Mask Requirement (updated 18 Apr 2022)
😷 Masks are not required, neither indoors (with some execptions) nor outdoors. Masks are recommended in indoor situations where you cannot be certain of the vaccination status of other people
😷 Masks are required inside airports, per Federal/CDC mandates
😷 Masks are required at events/activities where 1000 or more people are gathered, effective 18 Apr 2022
😷 Masks are required indoors in places like hospitals, emergency rooms, nursing homes, medical offices, health centers, clinics, labs, pharmacies, and on public transportation (including taxis and buses). The Department of Health may make masks mandetory in other situations where their use is deemed necessary.
😷 Owners and operators of public and private establishments may, at their discretion, implement health measures that they deem necessary - including requiring the use of masks.
📄 These changes go into effect 10 Mar 2022, per Executive Order EO-2022-019
Restaurants, Bars & other Food Establishments (updated 08 Mar 2022)
👪 The capacity limit has been removed, as has the requirment to check for vaccination card or negative test result
😷 Owners and operators of public and private establishments may, at their discretion, implement health measures that they deem necessary - including requiring the use of masks, and screening for vaccination status or negative test results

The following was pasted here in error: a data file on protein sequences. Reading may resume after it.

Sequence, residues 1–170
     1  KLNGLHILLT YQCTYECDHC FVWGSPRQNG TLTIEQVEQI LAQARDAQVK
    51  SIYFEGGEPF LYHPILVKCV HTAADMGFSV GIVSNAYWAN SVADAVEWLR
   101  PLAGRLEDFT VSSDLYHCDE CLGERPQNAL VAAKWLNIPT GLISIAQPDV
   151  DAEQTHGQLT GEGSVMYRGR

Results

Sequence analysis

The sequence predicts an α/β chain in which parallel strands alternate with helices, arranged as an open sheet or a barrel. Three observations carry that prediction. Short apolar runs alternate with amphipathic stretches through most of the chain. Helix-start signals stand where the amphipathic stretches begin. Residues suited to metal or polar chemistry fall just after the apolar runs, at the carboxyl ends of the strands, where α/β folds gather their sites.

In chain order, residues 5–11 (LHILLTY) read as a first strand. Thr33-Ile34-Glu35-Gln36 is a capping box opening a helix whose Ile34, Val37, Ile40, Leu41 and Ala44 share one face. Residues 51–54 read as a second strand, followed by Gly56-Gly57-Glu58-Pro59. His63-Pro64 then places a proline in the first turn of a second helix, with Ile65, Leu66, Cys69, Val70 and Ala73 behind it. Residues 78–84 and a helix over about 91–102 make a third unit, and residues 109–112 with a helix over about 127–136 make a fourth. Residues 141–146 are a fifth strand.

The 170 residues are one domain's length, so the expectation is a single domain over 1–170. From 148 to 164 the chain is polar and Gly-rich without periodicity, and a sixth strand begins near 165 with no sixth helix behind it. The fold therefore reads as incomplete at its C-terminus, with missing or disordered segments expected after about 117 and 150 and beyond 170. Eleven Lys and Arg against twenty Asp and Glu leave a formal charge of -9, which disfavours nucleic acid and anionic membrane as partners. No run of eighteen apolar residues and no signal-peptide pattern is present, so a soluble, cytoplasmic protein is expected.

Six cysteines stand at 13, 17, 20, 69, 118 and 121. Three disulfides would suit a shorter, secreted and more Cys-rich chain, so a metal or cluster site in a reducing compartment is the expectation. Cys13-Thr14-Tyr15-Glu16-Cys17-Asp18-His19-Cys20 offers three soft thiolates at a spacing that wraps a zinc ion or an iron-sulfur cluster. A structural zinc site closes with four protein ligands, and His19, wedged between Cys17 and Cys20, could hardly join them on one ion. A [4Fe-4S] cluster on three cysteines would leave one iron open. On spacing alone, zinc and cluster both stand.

📄 These changes go into effect 10 Mar 2022, per Executive Order EO-2022-019
Hotels, Resorts & other Lodging (updated 08 Mar 2022)
👪 The requirment to check for vaccination card or negative test result has been eliminated
😷 Owners and operators of public and private establishments may, at their discretion, implement health measures that they deem necessary - including requiring the use of masks, and screening for vaccination status or negative test results
📄 These changes go into effect 10 Mar 2022, per Executive Order EO-2022-019
Tours & Excursions (updated 08 Mar 2022)
⛵ Tour operators may require proof of vaccination or negative test results to participate. Check with the operator to make sure you have what they require.
Events, Stadiums & Theaters (updated 18 Apr 2022)
👪 The capacity limit has been removed, as has the requirement to wear a mask (if less than 1000 people are gathered)
😷 Masks are required at events/activities where 1000 or more people are gathered, effective 18 Apr 2022